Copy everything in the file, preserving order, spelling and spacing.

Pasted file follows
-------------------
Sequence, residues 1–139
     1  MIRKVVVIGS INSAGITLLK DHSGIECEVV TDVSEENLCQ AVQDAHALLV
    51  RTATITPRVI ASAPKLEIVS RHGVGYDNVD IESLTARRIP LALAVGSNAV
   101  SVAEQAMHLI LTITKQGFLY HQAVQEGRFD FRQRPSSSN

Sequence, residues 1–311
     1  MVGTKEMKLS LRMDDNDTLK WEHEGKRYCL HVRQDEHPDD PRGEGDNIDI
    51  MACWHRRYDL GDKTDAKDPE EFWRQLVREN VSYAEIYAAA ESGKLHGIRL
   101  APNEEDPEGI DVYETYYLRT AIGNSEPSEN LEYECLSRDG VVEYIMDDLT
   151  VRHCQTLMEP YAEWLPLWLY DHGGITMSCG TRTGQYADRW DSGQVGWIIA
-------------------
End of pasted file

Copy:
Sequence, residues 1–139
     1  MIRKVVVIGS INSAGITLLK DHSGIECEVV TDVSEENLCQ AVQDAHALLV
    51  RTATITPRVI ASAPKLEIVS RHGVGYDNVD IESLTARRIP LALAVGSNAV
   101  SVAEQAMHLI LTITKQGFLY HQAVQEGRFD FRQRPSSSN

Sequence, residues 1–311
     1  MVGTKEMKLS LRMDDNDTLK WEHEGKRYCL HVRQDEHPDD PRGEGDNIDI
    51  MACWHRRYDL GDKTDAKDPE EFWRQLVREN VSYAEIYAAA ESGKLHGIRL
   101  APNEEDPEGI DVYETYYLRT AIGNSEPSEN LEYECLSRDG VVEYIMDDLT
   151  VRHCQTLMEP YAEWLPLWLY DHGGITMSCG TRTGQYADRW DSGQVGWIIA